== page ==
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age and decay, while the occasional violence of the winds probably contributed to their falL "The oldest trees," observes Burckhardt, "are distinguished by having the foliage and small branches at the top only, and by four, five, and even seven trunks springing from one base. The branches and foliage of the others were lower, but I saw none whose leaves touched the ground, like those in Kew Gardens." The trunks of the old trees are covered with the names of travellers, and other persons who have visited them. The trunks of the oldest trees seemed to be quite dead; the wood is of a grey tint The enormous tree to the left is the one that Maundrell says he measured, and found it twelve yards six inches in girth, and thirty-seven yards in the spread of its boughs: at above five or six yards from the ground, it was divided into five limbs, each of which was equal to a great tree. They are difficult of approach, and are surrounded with deep snow, which is not passable until the middle of summer, when it begins to melt away: the ground on which they stand is uneven, being covered with rock and stone, with a partial but luxuriant vegetation springing up in the interstices: their position, on the brow of the mountain, surrounded on every side by deep and solemn valleys, rocky and almost perpendicular descents, waterfalls and dreary dells, — has something sacred and awful in it: they seem as if placed in their splendid and perilous site, like centinels between time and eternity—the sad and deathless memorials of the days of the first temple, when God dwelt among his people, in the visible glory between the cherubim, and in the blessings of earth and heaven, the proofs of his love. All else has perished: the temple, the city, the generations of men "like the sands of the sea-shore for multitude;" thrones, religions, principalities, and powers, have passed like the winds that howl through these branches: and the cedars have stood on their mountain brow, immortal! no voice has yet gone forth to hew them down utterly: the voice of time is hushed on this cloud-like brow; how often have they heard the rushing of his wings, "going forth utterly to destroy," and have put forth their leaves and their glorious branches with each season, fresh and strong as in the days of their youth.
To the fancy of the spectator, seated on the grey rock by their side, there is something mysterious yet beautiful, in the murmur of the wind through their recesses, like the wild tones of a harp, said to be touched by the hand of the distant dead, whose spirit is passing by: the hearer knows that he shall never listen to that sound again, in which there seems to be the voice of eternity. The tree near Jerusalem, a venerable sycamore, beneath whose branches the prophet Isaiah was slain, — the aged olives of the valley of Jehoshaphat, do not come on the memory or fancy like these cedars of Lebanon,—whose image is blended with the earliest pictures of our childhood,—with the ceiling, the walls, the pure gold, and all the glory and history of the first temple of the true God. Shall they live till that temple be again rebuilt, and the restored race of Israel again worship there? Perhaps, before they die, Palestine shall resound with the praises of the Lord, and the name of the Redeemer shall be borne even to their mountain brow, from the lips of those who now despise Him. Then, and not till then, had they a voice, they might say, as of old, "Now, let us depart in peace:" we have seen the first dispensation, the second also has been fulfilled, and we have waited on rarth till the third and last manifestation to our lost land: it is time to depart Of their past as well as present appearance, the words of Ezekiel are beautifully descriptive: "The fir-trees were not like his boughs, and the chestnut-trees were not like his branches, nor any tree in the garden of God was like unto him in his beauty: they all envied him: the cedar, with a shadowing shroud, and of an high stature, and his top was among the thick boughs: under his shadow dwelt the people." The voice of prophecy has perhaps often been heard amidst the shades of these sacred trees: their name, and the images they suggested, often mingled in the strains of inspiration. Is there any object in nature more dear to the poet; whether in the tempest they swung their aged arms to the sky, or the Maronite hymn rose sweetly from multitudes kneeling around. The groves of all other lands, even the most ancient, the palm forests that were the pride of Egypt, the noble oak and fir-trees of Ephraim and CarmeL—the curse withered them, or with the changing seasons they passed away: when the cedars also die, all these, in the words of sacred writ, each famous forest in the old and new world, shall say, "Art thou become like unto us, cut down to the ground: art thou also become weak as we?"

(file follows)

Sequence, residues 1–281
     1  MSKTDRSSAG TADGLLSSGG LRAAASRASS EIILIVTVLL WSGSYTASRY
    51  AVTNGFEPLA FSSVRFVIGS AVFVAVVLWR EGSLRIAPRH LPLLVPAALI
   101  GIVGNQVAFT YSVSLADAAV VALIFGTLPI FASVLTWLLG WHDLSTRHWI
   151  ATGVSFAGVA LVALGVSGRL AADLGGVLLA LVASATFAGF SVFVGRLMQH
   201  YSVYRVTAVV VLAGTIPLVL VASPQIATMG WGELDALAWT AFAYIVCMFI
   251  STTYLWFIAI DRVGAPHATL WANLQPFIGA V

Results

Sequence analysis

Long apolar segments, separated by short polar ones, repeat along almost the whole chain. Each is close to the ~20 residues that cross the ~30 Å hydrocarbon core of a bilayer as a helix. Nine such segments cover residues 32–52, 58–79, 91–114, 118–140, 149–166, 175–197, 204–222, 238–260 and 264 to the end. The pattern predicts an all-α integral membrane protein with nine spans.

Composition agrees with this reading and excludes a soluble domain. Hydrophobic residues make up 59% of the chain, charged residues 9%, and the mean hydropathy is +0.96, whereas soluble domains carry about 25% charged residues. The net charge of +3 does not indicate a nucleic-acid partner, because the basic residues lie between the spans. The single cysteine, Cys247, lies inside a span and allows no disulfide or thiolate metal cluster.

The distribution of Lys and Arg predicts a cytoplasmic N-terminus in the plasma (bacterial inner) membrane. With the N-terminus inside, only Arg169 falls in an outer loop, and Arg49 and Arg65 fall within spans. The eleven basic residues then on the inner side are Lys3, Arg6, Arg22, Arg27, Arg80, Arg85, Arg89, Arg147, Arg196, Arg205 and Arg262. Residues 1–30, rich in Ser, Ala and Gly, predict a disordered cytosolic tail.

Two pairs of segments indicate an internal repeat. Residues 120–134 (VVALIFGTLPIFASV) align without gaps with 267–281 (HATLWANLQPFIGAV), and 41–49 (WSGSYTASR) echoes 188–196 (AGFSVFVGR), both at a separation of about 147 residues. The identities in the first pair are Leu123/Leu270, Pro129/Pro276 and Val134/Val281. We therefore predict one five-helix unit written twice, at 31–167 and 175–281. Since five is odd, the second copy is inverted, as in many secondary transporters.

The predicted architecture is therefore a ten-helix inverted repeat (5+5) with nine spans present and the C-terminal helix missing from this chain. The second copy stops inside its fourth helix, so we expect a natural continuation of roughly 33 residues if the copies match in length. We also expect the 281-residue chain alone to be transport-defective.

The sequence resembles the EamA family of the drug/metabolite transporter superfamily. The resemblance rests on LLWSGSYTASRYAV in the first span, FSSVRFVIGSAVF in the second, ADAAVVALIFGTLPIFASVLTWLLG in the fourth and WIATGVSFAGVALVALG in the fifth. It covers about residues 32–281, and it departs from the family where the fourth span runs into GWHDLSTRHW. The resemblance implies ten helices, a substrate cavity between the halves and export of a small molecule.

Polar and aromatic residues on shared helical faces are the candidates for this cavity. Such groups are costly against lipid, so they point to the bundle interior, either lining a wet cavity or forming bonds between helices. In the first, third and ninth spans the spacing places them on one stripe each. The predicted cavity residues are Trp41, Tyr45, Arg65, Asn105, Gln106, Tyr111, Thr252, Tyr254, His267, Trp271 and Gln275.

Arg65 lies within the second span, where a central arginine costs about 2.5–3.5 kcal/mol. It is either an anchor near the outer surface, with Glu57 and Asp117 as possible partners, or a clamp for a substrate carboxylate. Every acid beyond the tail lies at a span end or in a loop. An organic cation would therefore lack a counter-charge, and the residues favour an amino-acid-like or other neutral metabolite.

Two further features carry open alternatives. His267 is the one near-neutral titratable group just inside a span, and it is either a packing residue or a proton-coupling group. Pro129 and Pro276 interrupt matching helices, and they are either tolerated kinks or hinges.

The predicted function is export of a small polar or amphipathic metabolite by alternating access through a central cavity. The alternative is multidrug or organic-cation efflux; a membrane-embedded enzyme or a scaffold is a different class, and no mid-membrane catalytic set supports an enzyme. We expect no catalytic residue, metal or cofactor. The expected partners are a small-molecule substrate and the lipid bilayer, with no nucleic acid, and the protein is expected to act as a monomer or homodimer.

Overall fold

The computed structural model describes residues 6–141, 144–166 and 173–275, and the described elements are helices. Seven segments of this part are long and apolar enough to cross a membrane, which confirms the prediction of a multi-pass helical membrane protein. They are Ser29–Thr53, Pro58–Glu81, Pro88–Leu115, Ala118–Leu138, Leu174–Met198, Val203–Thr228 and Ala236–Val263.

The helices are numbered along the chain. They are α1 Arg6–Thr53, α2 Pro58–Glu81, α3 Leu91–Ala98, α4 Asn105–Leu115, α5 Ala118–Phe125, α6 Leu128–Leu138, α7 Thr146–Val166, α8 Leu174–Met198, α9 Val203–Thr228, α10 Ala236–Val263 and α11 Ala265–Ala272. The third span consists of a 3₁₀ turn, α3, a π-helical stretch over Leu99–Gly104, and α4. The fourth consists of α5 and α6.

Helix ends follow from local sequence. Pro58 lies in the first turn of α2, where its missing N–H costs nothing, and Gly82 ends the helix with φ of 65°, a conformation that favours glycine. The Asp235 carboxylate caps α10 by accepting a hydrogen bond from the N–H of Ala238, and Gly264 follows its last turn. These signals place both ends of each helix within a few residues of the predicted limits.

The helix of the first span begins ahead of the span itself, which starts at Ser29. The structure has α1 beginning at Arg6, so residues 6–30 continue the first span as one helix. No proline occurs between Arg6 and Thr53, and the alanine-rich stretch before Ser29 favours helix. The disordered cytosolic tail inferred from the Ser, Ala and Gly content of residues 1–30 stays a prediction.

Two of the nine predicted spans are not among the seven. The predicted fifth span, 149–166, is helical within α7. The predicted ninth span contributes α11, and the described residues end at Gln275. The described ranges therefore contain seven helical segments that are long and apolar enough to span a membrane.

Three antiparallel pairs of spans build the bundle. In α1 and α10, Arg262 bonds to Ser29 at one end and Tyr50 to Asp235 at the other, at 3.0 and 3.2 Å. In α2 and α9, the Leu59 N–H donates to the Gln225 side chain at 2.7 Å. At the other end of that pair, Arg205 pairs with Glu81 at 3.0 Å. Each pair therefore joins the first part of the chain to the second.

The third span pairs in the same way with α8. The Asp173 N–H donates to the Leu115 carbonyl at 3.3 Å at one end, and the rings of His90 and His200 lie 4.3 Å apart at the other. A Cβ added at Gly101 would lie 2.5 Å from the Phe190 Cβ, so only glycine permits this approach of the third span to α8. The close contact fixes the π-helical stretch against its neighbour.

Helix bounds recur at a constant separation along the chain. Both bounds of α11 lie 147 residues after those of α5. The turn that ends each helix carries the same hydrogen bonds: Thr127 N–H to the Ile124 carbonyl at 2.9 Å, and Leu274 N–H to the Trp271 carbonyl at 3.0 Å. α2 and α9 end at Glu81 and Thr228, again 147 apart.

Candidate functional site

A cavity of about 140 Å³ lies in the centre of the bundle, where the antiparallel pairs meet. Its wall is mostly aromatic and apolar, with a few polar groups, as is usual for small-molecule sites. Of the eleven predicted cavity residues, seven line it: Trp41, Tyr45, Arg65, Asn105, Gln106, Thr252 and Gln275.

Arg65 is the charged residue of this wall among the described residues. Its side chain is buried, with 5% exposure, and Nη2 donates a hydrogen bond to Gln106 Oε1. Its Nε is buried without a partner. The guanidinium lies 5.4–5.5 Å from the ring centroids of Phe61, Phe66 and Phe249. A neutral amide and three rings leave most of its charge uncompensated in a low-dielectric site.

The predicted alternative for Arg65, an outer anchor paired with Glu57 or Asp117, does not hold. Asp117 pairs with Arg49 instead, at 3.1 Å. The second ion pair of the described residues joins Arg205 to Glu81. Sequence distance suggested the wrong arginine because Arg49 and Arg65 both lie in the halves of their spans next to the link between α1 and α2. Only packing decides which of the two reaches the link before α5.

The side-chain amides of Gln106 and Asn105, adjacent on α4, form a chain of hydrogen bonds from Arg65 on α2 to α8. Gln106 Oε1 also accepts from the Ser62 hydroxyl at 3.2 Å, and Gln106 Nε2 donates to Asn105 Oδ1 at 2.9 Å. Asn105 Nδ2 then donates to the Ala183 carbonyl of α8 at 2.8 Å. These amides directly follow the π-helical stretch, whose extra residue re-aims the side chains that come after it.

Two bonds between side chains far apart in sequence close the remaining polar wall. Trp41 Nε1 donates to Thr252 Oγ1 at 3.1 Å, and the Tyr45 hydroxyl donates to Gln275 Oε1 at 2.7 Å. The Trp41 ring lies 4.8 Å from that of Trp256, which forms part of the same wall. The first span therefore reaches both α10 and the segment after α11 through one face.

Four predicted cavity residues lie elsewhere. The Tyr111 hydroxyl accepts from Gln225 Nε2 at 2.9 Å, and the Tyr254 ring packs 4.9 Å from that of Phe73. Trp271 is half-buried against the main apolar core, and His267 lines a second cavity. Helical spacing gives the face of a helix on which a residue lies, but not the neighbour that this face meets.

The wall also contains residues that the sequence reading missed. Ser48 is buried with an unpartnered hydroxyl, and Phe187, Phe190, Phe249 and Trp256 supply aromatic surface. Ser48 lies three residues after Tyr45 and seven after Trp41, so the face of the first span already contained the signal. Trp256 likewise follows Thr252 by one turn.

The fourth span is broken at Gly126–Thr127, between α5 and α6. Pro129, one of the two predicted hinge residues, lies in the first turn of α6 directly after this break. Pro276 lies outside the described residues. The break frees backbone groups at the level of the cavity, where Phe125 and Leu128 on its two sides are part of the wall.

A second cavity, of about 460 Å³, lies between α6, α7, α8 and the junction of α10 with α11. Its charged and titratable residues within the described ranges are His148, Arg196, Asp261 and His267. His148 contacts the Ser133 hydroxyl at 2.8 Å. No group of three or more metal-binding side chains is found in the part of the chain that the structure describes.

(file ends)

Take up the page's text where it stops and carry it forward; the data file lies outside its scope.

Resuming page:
The small Arab tribe, some of whom are represented in the plate, come to live here when the snows are melted, in the beginning of July, and continue during the hot months: it is, to a simple and primeval people, a favourite and lovely residence, enjoying an air that bears health on its wings, so pure and inspiring, from its very elevated site, and entire freedom from the heats that often prevail in the vallies and lower declivities. The Arabs pitch their tents in the forest, in a sort of half savage life, yet free from its perils and habits: the stranger finds a friendly welcome to their rude homes: they pass very many hours in the heat of day beneath the branches of the cedars, conversing, smoking, or seated indolently,—some of the mothers swinging their children by a cord hung to one of the sacred branches, as if some virtue were thence derivable, or healing quality to some bodily disease. Perhaps the men, from a superstitious feeling, find a peculiar pleasure, unknown elsewhere, in smoking their long pipe, seated on a fallen branch or trunk: it must be confessed, that their attitude and looks, in this loved reverie and indulgence, however in keeping with Orientalism, are somewhat at variance with the more refined and enthusiastic reverie of the stranger, who would rather be alone in such a spot, than exposed to the fixed and curious gaze of some young Arab mother, or the voice of her child.